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Nature Scavenger Hunt


I wrote a while ago about the benefits of noticing and reflecting on the natural world around us. When we explore our surroundings, making intentional observations, we begin to see how we all impact one another, whether we are human, animal, or plant. We start making connections, which leads to compassion and understanding.


Often times, children don't need any reason to explore and discover. They are naturally curious and inquisitive. However, it doesn't hurt to give them a little nudge if they seem to need it. One of my favorite ways to encourage outdoor observations is to make it into a game! Just like the Bird Bingo Game (which you can find here if you missed it), this Nature Scavenger Hunt gets your kids looking for specific things, all in the name of science!


Click on the picture to download the Scavenger Hunt card!




More details and tips to help you spot these:



A Raptor

A raptor is also known as a "bird of prey". There are many types of raptors we see in Utah, but most of them fall within one of these families: buteo hawks, accipiter hawks, falcons, eagles, and owls.


You can tell a raptor apart from other birds by observing their three "sharps": sharp eyes, sharp beaks, and sharp talons.


Look for raptors soaring high in the sky or perched on telephone poles or wires. Be careful not to disturb raptors if they are close by, as they are likely hunting for a meal or protecting their young.


For more information on how to identify raptors, see this article.




A Fledgling

A fledgling is a baby bird who is fully feathered and flighted (or nearly flighted), yet still depends on its parents for food and protection. You can spot fledglings because they will be around adult birds and begging for food (by gaping their mouthes wide open, making a peeping noise, and sometimes fluttering their wings). They may look subtly different from their parents, with a few fluffy, downy feathers sticking out in weird places, duller colors, and a wider muppet-looking beak.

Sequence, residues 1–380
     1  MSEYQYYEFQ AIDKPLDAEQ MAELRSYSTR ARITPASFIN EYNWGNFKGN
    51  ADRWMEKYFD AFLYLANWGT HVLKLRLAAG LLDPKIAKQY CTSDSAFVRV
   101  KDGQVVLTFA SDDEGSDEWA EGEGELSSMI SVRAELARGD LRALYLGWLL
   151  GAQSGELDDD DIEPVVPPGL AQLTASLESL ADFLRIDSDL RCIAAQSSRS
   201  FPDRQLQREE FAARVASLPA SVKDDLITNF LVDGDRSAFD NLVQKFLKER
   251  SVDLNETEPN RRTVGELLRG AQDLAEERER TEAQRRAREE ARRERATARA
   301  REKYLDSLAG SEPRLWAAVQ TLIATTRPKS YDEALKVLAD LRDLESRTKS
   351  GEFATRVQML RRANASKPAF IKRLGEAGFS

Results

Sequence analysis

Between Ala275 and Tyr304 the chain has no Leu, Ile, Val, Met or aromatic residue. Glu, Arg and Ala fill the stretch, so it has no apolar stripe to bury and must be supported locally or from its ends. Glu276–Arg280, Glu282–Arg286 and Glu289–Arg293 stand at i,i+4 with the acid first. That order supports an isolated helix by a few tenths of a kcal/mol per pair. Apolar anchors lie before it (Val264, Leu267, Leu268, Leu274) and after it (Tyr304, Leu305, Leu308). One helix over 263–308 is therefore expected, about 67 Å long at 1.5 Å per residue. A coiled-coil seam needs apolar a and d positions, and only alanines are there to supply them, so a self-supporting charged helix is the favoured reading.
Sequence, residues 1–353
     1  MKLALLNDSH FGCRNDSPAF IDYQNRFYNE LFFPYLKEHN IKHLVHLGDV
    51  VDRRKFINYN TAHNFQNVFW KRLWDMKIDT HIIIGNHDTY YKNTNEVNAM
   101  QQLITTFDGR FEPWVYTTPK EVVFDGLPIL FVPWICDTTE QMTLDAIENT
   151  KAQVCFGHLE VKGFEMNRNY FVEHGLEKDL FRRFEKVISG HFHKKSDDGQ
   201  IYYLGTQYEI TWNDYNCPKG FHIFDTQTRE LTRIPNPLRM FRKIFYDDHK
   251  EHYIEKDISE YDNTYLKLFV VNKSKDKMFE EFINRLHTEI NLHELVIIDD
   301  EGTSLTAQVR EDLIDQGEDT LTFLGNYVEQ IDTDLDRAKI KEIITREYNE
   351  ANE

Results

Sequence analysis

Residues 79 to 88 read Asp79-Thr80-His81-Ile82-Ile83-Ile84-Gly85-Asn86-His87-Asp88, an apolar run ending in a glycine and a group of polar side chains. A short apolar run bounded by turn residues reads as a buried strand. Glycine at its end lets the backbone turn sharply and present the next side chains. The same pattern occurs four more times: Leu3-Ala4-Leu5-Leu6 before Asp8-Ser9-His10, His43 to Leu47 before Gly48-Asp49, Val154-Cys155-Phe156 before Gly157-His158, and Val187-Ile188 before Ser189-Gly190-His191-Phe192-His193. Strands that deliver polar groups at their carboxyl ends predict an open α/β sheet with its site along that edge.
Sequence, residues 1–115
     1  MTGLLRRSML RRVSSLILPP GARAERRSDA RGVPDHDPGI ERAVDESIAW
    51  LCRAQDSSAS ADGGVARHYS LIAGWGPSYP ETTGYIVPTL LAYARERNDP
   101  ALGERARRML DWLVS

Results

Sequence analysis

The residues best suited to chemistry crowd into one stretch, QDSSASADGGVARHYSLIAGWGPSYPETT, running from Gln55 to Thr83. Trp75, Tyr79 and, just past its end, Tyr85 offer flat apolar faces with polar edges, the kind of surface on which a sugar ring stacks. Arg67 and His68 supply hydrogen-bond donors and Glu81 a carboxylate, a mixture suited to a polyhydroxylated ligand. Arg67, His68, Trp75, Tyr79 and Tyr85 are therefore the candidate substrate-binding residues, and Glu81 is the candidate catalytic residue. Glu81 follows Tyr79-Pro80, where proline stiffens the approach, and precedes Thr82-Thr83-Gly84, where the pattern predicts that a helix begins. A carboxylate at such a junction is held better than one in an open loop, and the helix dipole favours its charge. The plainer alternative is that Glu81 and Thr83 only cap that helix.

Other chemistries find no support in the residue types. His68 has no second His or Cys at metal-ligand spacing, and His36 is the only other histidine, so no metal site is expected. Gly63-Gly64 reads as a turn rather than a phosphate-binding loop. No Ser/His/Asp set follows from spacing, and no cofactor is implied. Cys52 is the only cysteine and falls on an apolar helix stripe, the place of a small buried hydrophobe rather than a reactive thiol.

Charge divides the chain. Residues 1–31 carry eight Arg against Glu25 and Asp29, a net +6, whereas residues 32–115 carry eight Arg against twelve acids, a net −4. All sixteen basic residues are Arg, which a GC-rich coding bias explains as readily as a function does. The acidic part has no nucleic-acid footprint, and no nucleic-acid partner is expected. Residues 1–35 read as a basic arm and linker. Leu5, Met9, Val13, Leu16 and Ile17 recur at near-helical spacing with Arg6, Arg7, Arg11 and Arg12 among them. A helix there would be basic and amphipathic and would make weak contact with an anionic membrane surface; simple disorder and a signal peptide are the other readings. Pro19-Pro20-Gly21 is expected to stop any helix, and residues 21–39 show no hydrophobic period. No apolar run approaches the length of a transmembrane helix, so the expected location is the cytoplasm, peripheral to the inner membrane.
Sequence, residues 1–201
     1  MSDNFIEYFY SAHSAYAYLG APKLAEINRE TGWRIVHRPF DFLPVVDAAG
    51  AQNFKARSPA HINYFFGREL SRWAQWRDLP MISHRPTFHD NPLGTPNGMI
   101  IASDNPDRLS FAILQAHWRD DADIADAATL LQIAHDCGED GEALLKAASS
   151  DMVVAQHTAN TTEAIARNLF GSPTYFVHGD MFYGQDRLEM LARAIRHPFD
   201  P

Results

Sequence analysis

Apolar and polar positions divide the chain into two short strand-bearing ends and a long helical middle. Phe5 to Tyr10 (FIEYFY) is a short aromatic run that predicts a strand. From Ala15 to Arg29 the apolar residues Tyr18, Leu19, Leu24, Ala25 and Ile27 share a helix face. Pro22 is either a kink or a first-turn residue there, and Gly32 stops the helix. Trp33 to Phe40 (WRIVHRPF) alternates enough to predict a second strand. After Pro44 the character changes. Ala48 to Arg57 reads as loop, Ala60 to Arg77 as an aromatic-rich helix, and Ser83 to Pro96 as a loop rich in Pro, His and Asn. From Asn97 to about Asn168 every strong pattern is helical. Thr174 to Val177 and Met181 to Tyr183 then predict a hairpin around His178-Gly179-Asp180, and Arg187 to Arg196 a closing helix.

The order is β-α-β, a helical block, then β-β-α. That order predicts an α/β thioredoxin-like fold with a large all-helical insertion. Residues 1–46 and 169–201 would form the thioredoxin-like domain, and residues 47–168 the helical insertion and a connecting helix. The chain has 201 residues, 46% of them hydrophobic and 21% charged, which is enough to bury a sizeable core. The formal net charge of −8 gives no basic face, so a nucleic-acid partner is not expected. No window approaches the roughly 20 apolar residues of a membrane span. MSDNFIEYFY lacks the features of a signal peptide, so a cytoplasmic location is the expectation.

If you see a fledgling, don't approach it just for the sake of this hunt. Fledglings are at a higher risk from predators because of their lack of experience and sloppy flying. Parents are also at higher risk because of the added stress and distraction that comes with raising young. Give them space and you may be lucky enough to watch the little ones grow and revisit your area!


See my previous blog, Attracting Birds, to learn more about how to attract birds to your yard and keep them safe.



2 Different Pollinators

Search for pollinators! This step is not completed until you spot two different kinds! Pollinators include: bees, butterflies, hummingbirds, moths, and more!


Search for pollinators around flowers and any remaining blossoms on trees. Although you may not like to see one, wasps also pollinate and would count!


As with any creature you are observing, keep your distance and try not to disturb them, even if you're looking at a harmless butterfly. Pollinating species have an important job to do and are busy at work, especially in the spring!


For more information on pollinators, see my previous blog, The Birds and the Bees.



A Nest


Nests can be found throughout the year because most will continue to stay in place long after the birds have left. Some nests are used year after year, with minor remodeling in the springtime.

Nests can be fascinating things to study! Some birds migrate early and steal nests that were made by other birds (Great Horned Owl). Some birds, like hummingbirds, collect and weave spiderwebs through their nest fibers for elasticity and strength. Cowbirds don't even make nests, but lay their eggs in other birds' nests and leave them to be raised by the unknowing foster parent!